7. On the sanctioned role of sex worker as victim: “This is what we call feminist attachment to “tragedy porn”: A desire in the feminist movement to hear, and enjoy hearing, tragic stories of hardship from sex workers. When we don’t tell them, we face the accusation that we are covering up the “truth” about sex work… We are expected to perform stereotypical narratives of tragedy porn for feminist audiences and when we don’t we are disbelieved. Sex workers don’t want to be only believed when we perform these normative stereotypes about sex work. Why do you only believe a sex worker when they are telling you about a bad day at work, but have trouble believing a sex worker who tells you that decriminalisation and human rights will improve our workplaces, and increased regulation will not? The goal of the sex worker rights movement is to be heard for ourselves, to be self determined and to be recognised as politically autonomous.” Listen to sex workers: support decriminalisation and anti-discrimination protections, Elena Jeffreys, Audry Autonomy, Jane Green, Christian Vega (Scarlet Alliance Australian Sex Workers Association), Interface Journal, Vol 3 (2), page 279. http://www.interfacejournal.net/wordpress/wp-content/uploads/2011/12/Interface-3-2-Scarlet-Alliance.pdf
  8. “…condom use for vaginal and anal sex exceeds 99% and sexually transmissible infection rates are at historic lows. These gains are attributable to the long-term support of the NSW Department of Health in collaboration with the community-based Sex Workers Outreach Project and sexual health services, facilitated by the removal of criminal sanctions without the expense and access barriers of licensing systems.” Improving the health of sex workers in NSW: maintaining success, Basil Donovan, Christine Harcourt, Sandra Egger Christopher K. Fairley, 2010. http://docs.docstoc.com/pdf/3413405/a44f79e5-996e-41bc-aea0-bc3f93434301.pdf “…over 99% of all commercial vaginal sex encounters in Sydney involve the use of a condom.” Contrasted with Victoria, NSW currently is decriminalized and has no legislative requirement for either STI tests or condom use (just as neither are required in private sexual encounters): The Sex Industry in New South Wales: A Report to the NSW Ministry of Health, Basil Donovan, Christine Harcourt, Lucy Watchirs Smith, Karen Schneider, Handan Wand, John M Kaldor, Marcus Y Chen, Christopher K Fairley, Sepehr Tabrizi, 2012, page 24. http://www.med.unsw.edu.au/nchecrweb.nsf/resources/SHPReport/$file/NSWSexIndustryReportV4.pdf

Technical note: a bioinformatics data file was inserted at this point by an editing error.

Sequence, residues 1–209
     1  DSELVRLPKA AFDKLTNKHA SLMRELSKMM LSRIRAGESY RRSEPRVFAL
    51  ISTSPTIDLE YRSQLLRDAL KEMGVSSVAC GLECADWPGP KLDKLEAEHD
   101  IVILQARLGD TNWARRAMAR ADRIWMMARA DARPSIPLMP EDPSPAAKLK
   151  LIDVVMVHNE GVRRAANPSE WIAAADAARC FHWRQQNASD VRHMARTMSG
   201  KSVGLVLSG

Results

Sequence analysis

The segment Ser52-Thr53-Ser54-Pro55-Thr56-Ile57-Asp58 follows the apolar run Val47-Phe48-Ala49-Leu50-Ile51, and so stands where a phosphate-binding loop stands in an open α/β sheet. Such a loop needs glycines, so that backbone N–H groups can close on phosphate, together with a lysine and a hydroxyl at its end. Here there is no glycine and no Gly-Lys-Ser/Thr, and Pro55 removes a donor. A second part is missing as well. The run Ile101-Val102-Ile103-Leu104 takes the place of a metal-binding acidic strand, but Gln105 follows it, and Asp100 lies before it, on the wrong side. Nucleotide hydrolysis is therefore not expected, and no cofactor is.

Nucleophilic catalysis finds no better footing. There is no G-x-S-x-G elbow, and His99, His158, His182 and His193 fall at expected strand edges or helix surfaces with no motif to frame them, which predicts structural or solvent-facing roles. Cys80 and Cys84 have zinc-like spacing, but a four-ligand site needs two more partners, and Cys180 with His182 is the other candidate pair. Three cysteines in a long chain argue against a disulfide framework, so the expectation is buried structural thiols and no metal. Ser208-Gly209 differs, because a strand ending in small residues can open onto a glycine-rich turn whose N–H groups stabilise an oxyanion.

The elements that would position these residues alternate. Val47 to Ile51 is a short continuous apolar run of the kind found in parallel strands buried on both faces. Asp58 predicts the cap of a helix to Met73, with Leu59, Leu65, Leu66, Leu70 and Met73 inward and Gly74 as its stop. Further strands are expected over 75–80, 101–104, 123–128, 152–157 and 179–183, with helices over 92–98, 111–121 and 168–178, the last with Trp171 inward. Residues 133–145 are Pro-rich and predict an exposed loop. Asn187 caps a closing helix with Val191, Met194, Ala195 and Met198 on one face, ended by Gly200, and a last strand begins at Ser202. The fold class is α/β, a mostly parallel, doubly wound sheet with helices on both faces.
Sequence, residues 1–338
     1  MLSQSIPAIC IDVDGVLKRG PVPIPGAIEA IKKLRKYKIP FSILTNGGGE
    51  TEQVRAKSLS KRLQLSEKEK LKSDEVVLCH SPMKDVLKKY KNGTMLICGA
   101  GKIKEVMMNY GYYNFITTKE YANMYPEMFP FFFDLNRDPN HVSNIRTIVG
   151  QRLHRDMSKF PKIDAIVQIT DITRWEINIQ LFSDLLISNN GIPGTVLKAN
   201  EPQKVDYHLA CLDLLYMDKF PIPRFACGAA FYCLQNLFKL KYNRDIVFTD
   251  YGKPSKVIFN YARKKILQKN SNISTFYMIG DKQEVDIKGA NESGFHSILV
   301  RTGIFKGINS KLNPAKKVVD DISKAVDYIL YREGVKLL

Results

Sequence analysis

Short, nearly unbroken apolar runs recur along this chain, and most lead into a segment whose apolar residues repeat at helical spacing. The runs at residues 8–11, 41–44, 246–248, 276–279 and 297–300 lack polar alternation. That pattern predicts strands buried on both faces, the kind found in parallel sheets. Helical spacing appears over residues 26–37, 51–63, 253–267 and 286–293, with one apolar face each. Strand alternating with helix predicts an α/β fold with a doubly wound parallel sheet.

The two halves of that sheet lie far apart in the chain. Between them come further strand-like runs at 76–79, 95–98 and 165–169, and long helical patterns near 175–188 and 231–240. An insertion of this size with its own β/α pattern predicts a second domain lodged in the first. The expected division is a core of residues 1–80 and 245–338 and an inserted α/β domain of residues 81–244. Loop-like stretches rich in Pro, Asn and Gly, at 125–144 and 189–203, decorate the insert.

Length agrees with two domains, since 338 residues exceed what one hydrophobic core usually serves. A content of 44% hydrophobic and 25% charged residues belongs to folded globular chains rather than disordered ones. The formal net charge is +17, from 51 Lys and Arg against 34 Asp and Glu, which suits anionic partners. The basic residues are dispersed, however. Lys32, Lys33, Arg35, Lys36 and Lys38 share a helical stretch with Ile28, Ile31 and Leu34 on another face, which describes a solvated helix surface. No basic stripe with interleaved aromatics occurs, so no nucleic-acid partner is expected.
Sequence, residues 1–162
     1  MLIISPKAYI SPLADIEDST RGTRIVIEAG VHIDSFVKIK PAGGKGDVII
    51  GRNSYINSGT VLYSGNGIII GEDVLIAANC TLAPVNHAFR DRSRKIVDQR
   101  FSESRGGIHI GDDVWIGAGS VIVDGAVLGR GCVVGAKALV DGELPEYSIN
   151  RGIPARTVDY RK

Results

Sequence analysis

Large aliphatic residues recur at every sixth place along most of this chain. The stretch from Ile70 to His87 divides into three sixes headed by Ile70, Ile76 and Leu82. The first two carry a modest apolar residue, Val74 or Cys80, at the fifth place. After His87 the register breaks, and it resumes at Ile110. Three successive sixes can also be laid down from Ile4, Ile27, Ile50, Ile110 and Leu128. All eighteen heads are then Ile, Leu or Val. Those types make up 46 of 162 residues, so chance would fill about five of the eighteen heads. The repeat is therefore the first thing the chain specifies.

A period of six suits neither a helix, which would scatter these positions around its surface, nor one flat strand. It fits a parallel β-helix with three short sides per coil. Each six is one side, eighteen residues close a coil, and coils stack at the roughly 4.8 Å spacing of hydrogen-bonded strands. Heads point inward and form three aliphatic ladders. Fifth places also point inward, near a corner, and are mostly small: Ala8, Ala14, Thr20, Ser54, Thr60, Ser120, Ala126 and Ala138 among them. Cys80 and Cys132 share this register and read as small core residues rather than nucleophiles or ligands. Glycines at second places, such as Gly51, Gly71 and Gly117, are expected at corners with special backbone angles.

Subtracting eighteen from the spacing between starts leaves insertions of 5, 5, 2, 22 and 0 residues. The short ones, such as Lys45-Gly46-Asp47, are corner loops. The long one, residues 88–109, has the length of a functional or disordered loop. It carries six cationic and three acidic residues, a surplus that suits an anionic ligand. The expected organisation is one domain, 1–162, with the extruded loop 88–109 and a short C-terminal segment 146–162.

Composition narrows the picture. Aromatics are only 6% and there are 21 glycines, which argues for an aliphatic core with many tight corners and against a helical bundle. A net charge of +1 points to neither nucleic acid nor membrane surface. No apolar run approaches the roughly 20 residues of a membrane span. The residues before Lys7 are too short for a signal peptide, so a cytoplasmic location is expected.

9. “…police have extensive powers over sex workers through legislation ... In such contexts sex workers cannot rely on police for assistance after they have been sexually assaulted; instead they are likely to receive penalties and fines for doing so. It also means that under such circumstances sex workers are less likely to seek support from other sectors such as social work, since it cannot be guaranteed that they are not police or do not have contact with them.” Sex workers and sexual assault in Australia: Prevalence, risk and safety, Dr Antonia Quadara, section – "Relationship with police" http://www.aifs.gov.au/acssa/pubs/issue/i8.html
  10. “The new law which prohibits the act of buying sexual services is severely criticized by sex workers. They find the law paradoxical, illogical and discriminatory. It further obstructs their work and exposes them to stress and danger… How can the politicians claim that only the clients are being punished and that they are being protected? … As a result of the new legislation, the sex workers say it is now harder for them to assess the clients. The clients are more stressed and scared and negotiation outdoors must be done in a more rapid manner. The likelihood of ending up with a dangerous client is thereby greater… Another consequence is that the sex workers are now more apprehensive about seeking help from the police when they have had problems with an abusive customer. They do not want to be forced to report the client.” Sex Workers Critique of Swedish Prostitution Policy, Petra Ostergren. http://www.petraostergren.com/pages.aspx?r_id=40716